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Third, the composition of the study sample used for model development is important. The baseline risk and the estimated weights for individual risk factors incorporated into prognostic models are average-based and depend on the derivation cohort. This potentially conflicts with the concept of precision prevention, as the ‘average’ may not accurately reflect the risk in minorities or subgroups in particularly heterogeneous study samples. One may, for example, argue that separate prognostic models for diabetes complications are needed for the different diabetes clusters [5] rather than a ‘one-model-fits-all’ approach. However, higher homogeneity in terms of individual characteristics in a (sub)sample is related to lower discriminatory ability [21] and may thus complicate the identification of factors that accurately predict events in these subgroups.

Current status of prognostic models that use ‘classical’ risk factors

Statistical models for predicting macro- and microvascular complications are widely available. While some models were developed in individuals with diabetes, others (mainly cardiovascular models such as the Pooled Cohort Equation [PCE] [22] and the Framingham risk scores [23, 24]) were initially developed in the general population. Validation efforts suggest that the latter may not provide reliable predictions in individuals with diabetes (e.g. regarding CVD risk) [14, 25,26,27]. As already mentioned, this might be explained by difficulties in accurately predicting risk in specific population subgroups. This point is illustrated in Fig. 2, which shows the markedly different distribution of predicted CVD risk in individuals with vs without diabetes. As a consequence, CVD prediction models developed for general populations show lower discriminatory ability in individuals with diabetes compared with models specifically developed in populations of individuals with diabetes [28]. Accordingly, this section focuses on models developed in study populations restricted to individuals with diabetes, with an emphasis on type 2 diabetes.

Fig. 2
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Illustrative example of the distribution of absolute 10 year CVD risk estimated by the Pooled Cohort Equation (PCE) [22] in individuals without and with type 2 diabetes from the European Prospective Investigation into Cancer and Nutrition (EPIC)-Potsdam study (n = 25,993) [85]. The distribution of absolute risk of CVD is on average higher in individuals with diabetes compared with individuals without diabetes. While the prognostic model performs well in the full general population, performance within the subgroup of individuals with diabetes may be substantially lower. This figure is available as part of a downloadable slideset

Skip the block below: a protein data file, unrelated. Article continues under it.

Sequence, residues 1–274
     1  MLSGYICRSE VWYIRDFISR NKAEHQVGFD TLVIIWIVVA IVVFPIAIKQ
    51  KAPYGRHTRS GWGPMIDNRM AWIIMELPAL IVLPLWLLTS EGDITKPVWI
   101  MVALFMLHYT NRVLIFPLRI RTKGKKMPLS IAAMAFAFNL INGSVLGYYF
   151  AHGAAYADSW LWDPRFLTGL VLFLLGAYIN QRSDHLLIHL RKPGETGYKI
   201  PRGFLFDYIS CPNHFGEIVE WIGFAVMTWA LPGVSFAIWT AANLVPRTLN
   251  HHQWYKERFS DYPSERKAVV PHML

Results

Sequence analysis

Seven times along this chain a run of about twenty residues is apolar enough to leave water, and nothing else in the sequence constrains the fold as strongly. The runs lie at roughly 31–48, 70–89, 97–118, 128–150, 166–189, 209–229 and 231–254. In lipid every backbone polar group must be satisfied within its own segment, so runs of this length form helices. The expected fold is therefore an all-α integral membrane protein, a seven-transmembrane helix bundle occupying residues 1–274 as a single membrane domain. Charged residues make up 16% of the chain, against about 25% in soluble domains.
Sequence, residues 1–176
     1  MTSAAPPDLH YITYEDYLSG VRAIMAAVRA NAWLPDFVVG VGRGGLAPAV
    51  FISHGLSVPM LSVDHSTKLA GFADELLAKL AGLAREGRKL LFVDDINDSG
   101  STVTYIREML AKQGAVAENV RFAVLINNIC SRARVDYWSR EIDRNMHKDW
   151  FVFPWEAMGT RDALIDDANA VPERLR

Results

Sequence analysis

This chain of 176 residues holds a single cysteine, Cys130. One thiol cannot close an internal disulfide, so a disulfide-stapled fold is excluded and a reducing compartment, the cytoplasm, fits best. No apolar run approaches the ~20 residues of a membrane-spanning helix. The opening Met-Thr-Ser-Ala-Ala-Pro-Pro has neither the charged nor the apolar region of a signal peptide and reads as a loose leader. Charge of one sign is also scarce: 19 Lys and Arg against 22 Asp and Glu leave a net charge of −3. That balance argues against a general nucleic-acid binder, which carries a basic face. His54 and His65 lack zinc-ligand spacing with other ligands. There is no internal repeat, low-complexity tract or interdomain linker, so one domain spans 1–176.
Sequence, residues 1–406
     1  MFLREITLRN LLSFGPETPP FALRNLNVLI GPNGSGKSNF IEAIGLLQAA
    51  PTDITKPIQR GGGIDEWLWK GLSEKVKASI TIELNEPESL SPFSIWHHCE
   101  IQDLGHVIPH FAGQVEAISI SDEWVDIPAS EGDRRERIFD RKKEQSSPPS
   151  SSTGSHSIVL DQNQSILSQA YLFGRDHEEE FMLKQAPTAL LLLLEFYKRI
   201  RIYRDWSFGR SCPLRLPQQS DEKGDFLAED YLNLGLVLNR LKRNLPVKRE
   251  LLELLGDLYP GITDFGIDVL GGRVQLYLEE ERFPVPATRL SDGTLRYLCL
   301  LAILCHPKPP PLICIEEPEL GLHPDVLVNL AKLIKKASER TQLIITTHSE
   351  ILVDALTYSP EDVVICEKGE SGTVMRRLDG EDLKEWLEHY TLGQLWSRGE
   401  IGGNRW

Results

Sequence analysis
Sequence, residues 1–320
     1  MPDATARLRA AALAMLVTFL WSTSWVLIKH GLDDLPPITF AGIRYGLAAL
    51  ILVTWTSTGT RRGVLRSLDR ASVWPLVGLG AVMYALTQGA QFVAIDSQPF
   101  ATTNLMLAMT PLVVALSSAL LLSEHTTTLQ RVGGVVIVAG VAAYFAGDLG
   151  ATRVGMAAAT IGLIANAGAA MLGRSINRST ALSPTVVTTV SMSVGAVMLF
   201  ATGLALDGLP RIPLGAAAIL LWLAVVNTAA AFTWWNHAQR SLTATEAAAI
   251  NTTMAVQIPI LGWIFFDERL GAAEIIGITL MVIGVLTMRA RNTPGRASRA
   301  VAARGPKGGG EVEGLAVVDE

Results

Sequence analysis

Risk models for the prediction of macrovascular complications

Among models predicting absolute risk of macrovascular complications [28,29,30], the majority originate from study samples located in Europe (the UK Prospective Diabetes Study [UKPDS] risk engines and outcomes models 1&2 [31,32,33,34], Action in Diabetes and Vascular Disease: Preterax and Diamicron MR Controlled Evaluation [ADVANCE] model [35] and two Swedish National Diabetes Register [NDR] models [36, 37]) or the USA and/or Canada (e.g. RECODe models [14], the Cardiovascular Health Study [CHS] score [38] and Atherosclerosis Risk in Communities [ARIC] model [39]). Three recent meta-analyses pooled the discriminatory measures of selected risk scores with at least two available external validations for different outcome definitions [28,29,30] (Table 1). They reported pooled C statistics for CVD ranging from 0.66 for the UKPDS risk engine for CHD [34] to 0.70 for the Fremantle risk score [40]. For stroke outcomes [30], the pooled C statistic varied from 0.66 for the UKPDS outcomes model 1 [31] to 0.75 for the Fremantle risk score [40]. In a separate meta-analysis investigating the prediction of cardiovascular death, myocardial infarction and stroke, the RECODe models outperformed other models in terms of pooled C statistic for all three outcomes (cardiovascular death 0.79, myocardial infarction 0.72, stroke 0.71) [29]. However, there were substantial differences in discrimination across individual cohorts used for external validation. For example, the C statistic (95% CI) of the Fremantle risk score ranged between 0.58 (0.50, 0.66) and 0.69 (0.59, 0.79) for the prediction of CVD in the European Prospective Investigation into Cancer and Nutrition (EPIC)-NL, EPIC-Potsdam and the Secondary Manifestations of ARTerial disease cohorts [41] (Table 2). Hence, some scores may be better suited for some specific populations than for others. Direct comparisons of models within populations seems highly informative here. Fewer models have been developed for the prediction of macrovascular complications in type 1 diabetes; such models include the externally validated Steno T1D Risk Engine [42], the Swedish NDR [43] and the Scottish NDR risk score for type 1 diabetes [44].